1. Catio area to provide outdoor enrichment for adoptable cats. 2. Indoor adoption counseling areas and areas for pet meet and greets. 3. Indoor, climate-controlled, low-stress kennels. 4. Segregated animal housing to provide a low-stress environment to dogs transitioning to pre-adoption holding. 5. Climate-controlled storage areas. 6. New clinic area to provide basic veterinary services to community pets. 7. Education court to provide space for community educational and recreational opportunities; training for animal welfare professionals; and socialization and pet training. 8. Cat cafe to provide a community space for visitors and showcase adoptable cats. 

Consider alternatives

An early decision you’ll likely face is whether you need to build a new facility or make the best of your existing one. If your main challenge is simply lack of space for the number of animals you’re taking in, your money may be better spent on expanding foster care, spay/neuter and pet owner support programs, says Lindsay Hamrick, director of shelter outreach and engagement for the Humane Society of the United States.

In other cases, the need for a new facility may be clear-cut. “You’d be surprised how many clients have buildings in floodplains,” Lewis says.

Many shelters today are still operating in facilities built 30 to 50 years ago, with concrete or wood frames, vastly undersized for their needs and with decades of patchwork fixes. “Nothing works well, there are massive inefficiencies for the staff and a lot of stress for the animals,” says C. Scott Learned, founder of Design Learned, an animal care facility engineering and interior planning firm in Connecticut. In such cases, renovating the building to meet today’s standards can cost as much or more than new construction.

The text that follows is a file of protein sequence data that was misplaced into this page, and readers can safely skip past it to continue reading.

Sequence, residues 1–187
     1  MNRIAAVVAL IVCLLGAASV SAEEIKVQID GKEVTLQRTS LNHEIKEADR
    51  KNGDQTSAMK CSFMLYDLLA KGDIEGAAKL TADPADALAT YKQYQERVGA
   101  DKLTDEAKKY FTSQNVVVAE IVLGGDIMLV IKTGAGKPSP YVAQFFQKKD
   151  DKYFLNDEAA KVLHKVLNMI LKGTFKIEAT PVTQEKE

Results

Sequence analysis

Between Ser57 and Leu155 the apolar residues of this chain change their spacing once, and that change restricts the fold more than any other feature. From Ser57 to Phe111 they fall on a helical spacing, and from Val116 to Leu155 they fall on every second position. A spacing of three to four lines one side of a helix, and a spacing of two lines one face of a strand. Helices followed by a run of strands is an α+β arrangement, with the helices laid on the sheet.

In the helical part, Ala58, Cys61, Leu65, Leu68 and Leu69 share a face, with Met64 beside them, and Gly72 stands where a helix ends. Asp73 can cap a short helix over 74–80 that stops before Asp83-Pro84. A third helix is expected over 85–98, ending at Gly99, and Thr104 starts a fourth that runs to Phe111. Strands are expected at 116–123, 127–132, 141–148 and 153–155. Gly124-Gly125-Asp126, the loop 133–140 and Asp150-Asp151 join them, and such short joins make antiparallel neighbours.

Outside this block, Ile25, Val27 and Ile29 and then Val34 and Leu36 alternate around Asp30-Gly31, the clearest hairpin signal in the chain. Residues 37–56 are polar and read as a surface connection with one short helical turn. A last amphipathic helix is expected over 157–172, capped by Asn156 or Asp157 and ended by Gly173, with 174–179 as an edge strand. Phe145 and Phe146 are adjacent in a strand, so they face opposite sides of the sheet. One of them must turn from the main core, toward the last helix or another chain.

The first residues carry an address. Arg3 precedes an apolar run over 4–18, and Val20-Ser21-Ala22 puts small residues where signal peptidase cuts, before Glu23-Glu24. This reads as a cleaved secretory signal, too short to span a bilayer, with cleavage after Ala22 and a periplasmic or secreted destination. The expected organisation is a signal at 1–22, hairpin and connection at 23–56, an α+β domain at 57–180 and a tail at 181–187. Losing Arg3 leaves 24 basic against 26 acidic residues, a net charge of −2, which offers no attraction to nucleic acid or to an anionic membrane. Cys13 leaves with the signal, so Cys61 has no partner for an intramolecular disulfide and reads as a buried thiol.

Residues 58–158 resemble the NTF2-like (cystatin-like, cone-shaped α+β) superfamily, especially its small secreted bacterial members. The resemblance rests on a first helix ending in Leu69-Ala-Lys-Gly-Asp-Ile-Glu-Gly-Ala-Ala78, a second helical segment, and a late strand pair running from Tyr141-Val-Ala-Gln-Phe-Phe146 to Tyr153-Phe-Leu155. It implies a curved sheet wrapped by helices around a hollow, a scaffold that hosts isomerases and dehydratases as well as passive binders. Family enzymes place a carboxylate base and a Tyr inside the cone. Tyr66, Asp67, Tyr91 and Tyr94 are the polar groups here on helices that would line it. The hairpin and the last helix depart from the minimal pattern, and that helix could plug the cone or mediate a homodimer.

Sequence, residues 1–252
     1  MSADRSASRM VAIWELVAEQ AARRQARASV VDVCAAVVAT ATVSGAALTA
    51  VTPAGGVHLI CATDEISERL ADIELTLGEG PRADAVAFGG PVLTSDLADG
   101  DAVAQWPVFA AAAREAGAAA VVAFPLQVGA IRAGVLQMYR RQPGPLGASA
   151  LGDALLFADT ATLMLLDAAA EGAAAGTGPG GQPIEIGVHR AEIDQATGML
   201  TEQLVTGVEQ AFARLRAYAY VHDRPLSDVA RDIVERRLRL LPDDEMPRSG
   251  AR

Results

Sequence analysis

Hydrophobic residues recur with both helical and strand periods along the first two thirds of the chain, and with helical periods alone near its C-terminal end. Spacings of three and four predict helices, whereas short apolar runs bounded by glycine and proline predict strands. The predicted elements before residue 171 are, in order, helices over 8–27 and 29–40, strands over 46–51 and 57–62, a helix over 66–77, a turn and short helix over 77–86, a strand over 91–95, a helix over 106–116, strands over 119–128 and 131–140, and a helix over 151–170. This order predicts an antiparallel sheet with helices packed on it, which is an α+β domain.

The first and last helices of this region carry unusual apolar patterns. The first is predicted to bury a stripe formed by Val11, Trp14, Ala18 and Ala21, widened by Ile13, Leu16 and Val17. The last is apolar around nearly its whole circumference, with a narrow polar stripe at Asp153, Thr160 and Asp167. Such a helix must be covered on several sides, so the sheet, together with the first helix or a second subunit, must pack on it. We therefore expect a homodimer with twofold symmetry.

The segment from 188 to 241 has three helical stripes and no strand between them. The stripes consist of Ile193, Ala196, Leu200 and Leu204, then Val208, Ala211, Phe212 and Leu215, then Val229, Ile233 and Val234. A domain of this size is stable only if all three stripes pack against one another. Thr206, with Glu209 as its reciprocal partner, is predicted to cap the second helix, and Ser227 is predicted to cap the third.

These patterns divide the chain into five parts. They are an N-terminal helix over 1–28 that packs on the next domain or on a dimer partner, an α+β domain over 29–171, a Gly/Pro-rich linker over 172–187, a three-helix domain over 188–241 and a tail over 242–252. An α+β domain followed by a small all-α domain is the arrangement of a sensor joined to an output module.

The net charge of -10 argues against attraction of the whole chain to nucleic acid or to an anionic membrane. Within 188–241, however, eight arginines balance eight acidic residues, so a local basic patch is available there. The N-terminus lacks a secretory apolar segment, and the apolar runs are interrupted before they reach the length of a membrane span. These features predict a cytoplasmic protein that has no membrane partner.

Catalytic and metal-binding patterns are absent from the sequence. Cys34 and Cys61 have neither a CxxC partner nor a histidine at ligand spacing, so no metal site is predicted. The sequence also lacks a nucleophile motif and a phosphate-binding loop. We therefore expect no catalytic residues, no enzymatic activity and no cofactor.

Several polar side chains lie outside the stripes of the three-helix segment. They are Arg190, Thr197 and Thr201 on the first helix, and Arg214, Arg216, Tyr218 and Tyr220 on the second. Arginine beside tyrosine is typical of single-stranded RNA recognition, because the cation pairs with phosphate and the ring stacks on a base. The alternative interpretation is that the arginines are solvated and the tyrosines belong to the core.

There are exceptions, Lewis adds. “Ugly but sturdy has potential. We can fix ugly.”

If your facility was built to commercial standards, has good bones and is of adequate size, renovation may make sense. In 1998, Lewis worked with a Nebraska shelter to renovate a former grocery store and turn it into an animal shelter. A few years ago, she helped remodel the space again. “Now it’s a modern shelter and functioning well for them,” she says.

Outdoor dog run and kennels.
At the Peggy Adams Animal Rescue League in West Palm Beach, Florida, three dog wings are arranged around courtyards that contain private “get acquainted” areas for people to bond with the dogs. Photo courtesy of Jackson & Ryan Architects

Look for interim solutions

To get a facility that will serve your organization well, you should plan to spend at least two years on planning and about one year on construction, says Chad Ackerman, chief operating officer of the KC Pet Project in Kansas City, Missouri. For some organizations, the process will take much longer, so it’s important to have patience, adds Moore. “It seems like it’s so urgent, and it is a lot of times, but it’s not going to happen overnight.”

Building cheap and fast is one of the most common mistakes Lewis sees in shelter building projects. Instead of rushing the process, she encourages shelters to search for interim solutions to help meet current needs. “If education is a big priority, you can build or rent space somewhere else. You can knock out space for a MASH clinic while you plan a campaign to replace the entire shelter.”

When the KC Pet Project started planning a new building in 2016, it was in desperate need of more space. So the organization bought and retrofitted four double-wide construction trailers to serve as veterinary care space and isolation housing for sick dogs and cats. A donor purchased a former dentist office, which the organization used to house their behaviorally challenged dogs, providing a calmer environment where the staff canine behavior team could give them more one-on-one attention. It wasn’t perfect, Ackerman says, but these measures bridged the gap during the years it took to plan and build a new facility.

KC Pet Project's new building.